Instead of 27 different interviews and spins, a connected European public space would allow for some truly reflective analysis. The members of the European Council, oddly enough, presented themselves during the special EUCO meeting as representing their citizens in Europe while their citizens, European citizens, ask for EU solidarity? We urge all Members of the European Parliament (MEPs) to underline the supranational character of the European Union, highlight their mandate to represent the interests of European citizens, clarify the uncertainties around the EU’s own resources and push for an MFF that is ambitious on European public goods.

“The silver lining is that the European Council has shown its true character to the public: more people are calling more loudly for reform. This is why we have been calling on EU heads of government repeatedly to adopt an inter-institutional agreement on the Conference on the Future of Europe to be started as soon as possible”, states Martin. “It should be an opportunity to discuss and focus on important issues concerning the future of the European Union and be a step towards a real constituent assembly involving citizens and civil society”, continues Martin. “A tangible proposal on the table for a more democratic and federal Europe is needed now more than ever”. 

About JEF Europe’s positions

The non-partisan youth NGO JEF Europe is convinced that many contemporary challenges can only be tackled at European, if not global level. JEF Europe has long been calling for decisive EU and global action against climate change, as well as for a European Security and Defence Union, for a Social Union, for complementing the Economic and Monetary Union with a Fiscal Union and its own budget for macroeconomic stabilisation, and for a humane asylum and migration policy at European level. These political choices, however, have budgetary consequences.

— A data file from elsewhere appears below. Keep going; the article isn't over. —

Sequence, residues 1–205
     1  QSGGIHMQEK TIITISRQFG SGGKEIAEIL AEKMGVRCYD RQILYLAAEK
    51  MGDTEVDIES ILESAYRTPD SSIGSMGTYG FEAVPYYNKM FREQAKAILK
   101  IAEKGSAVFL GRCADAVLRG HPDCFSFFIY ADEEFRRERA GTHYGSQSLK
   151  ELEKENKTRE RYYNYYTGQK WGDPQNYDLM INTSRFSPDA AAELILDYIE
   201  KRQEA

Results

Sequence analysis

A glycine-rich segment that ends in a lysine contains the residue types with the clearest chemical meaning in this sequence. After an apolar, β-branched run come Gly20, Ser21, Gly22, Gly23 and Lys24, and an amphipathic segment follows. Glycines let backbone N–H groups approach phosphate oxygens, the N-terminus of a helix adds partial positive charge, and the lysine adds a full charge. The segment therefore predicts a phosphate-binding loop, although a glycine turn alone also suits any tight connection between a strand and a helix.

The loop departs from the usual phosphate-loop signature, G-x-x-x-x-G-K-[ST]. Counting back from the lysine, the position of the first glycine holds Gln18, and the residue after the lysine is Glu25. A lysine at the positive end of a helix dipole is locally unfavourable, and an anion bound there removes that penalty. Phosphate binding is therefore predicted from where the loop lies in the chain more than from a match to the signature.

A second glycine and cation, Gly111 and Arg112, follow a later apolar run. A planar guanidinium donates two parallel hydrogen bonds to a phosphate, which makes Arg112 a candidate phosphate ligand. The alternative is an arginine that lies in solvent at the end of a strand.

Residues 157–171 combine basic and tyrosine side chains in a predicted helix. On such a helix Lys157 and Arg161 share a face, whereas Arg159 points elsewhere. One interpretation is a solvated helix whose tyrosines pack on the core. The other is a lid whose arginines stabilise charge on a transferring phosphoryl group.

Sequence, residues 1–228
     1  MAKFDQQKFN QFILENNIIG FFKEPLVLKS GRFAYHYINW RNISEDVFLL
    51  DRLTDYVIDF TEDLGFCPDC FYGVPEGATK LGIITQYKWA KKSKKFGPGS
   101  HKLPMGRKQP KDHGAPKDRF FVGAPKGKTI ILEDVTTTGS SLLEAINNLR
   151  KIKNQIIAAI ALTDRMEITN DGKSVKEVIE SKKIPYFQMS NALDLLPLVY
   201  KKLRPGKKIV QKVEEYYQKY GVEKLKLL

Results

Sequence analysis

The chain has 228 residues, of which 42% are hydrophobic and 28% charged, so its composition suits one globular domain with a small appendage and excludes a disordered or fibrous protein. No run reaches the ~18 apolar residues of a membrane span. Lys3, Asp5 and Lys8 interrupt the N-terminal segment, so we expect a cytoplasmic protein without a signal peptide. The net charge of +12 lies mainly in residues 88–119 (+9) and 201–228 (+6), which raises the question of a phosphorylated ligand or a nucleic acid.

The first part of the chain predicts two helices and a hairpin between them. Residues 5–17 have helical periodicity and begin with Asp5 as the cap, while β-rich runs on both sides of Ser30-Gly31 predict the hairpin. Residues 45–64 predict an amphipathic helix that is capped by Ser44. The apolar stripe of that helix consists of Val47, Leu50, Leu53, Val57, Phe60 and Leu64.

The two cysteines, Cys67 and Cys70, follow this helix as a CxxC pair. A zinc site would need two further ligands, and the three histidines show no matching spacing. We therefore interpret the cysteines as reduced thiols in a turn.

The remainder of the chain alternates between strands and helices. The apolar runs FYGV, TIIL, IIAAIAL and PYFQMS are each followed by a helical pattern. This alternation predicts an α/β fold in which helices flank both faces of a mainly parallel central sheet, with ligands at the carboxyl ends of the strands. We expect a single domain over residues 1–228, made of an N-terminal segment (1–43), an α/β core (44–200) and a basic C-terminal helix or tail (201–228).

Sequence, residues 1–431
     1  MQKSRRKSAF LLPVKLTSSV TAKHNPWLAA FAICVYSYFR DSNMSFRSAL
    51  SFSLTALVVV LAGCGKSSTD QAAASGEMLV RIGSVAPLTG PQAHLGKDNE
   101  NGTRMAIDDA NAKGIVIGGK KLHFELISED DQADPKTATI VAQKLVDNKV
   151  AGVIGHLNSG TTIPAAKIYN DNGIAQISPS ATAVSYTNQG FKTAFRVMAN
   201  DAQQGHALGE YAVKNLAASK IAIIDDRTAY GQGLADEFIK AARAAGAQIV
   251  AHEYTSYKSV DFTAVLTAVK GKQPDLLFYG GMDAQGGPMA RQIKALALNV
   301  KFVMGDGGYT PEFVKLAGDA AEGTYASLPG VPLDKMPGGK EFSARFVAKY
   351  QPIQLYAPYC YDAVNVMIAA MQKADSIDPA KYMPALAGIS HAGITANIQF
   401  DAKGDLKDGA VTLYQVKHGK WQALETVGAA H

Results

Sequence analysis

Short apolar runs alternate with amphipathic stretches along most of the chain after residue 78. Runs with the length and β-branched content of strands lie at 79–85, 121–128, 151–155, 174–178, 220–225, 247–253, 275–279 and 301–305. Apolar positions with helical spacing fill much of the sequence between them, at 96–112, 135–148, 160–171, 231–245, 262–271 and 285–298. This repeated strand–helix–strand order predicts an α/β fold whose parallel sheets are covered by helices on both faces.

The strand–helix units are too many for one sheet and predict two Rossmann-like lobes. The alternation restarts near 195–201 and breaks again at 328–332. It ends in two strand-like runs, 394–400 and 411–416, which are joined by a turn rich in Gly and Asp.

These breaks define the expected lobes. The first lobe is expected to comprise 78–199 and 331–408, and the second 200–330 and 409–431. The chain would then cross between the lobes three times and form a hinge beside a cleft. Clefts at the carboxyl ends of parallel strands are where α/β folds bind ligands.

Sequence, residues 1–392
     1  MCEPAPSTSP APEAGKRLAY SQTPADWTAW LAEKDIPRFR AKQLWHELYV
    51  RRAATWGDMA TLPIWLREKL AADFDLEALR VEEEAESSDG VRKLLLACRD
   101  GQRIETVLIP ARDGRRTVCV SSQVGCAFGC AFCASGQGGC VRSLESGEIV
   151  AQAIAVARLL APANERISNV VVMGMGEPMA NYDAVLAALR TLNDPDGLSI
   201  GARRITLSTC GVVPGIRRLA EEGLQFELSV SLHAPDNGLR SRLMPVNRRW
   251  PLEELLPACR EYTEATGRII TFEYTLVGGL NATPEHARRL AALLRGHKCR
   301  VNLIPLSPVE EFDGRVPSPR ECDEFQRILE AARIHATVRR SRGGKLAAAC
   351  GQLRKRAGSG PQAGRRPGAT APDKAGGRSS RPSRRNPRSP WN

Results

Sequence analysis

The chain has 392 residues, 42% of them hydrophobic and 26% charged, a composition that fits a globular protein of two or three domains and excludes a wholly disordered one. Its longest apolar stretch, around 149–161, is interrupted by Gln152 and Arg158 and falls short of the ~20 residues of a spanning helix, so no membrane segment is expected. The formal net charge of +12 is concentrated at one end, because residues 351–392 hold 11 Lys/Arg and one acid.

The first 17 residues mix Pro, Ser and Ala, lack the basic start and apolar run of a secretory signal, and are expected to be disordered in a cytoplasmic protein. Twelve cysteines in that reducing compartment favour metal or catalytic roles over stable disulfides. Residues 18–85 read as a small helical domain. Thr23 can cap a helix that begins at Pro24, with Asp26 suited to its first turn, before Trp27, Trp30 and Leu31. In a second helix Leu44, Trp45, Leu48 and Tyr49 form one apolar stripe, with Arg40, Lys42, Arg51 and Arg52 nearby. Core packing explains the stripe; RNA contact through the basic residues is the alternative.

Find our resolution on “A federal budget for the European youth: Reforming the Multiannual Financial Framework, re-adopted by the Federal Committee, Spring 2020. 

Alongside being a member of the European Youth Forum, which leads the “#InvestinYouth” campaign, JEF is part of the Erasmus Coalition who, ahead of the European Council, submitted a letter asking to triple the Erasmus+ budget line. As a member of Civil Society Europe, JEF furthermore promotes a strong Rights and Values instrument. 

More information on JEF Europe

The Young European Federalists (JEF) Europe is a non-partisan youth NGO with 13.000  members active in more than 30 countries. The organisation strives towards a federal Europe based on the principles of democracy and subsidiarity as well as respect for human rights. JEF promotes true European Citizenship, and works towards more active participation of young people in democratic life. While the umbrella organisation JEF Europe was founded in 1972, its sections have been operating continuously since the end of the Second World War, making it the oldest pro-European and only federalist youth organisation.

Contact information:

Leonie Martin
President, Young European Federalists
Rue d’Arlon 53
1000 Brussels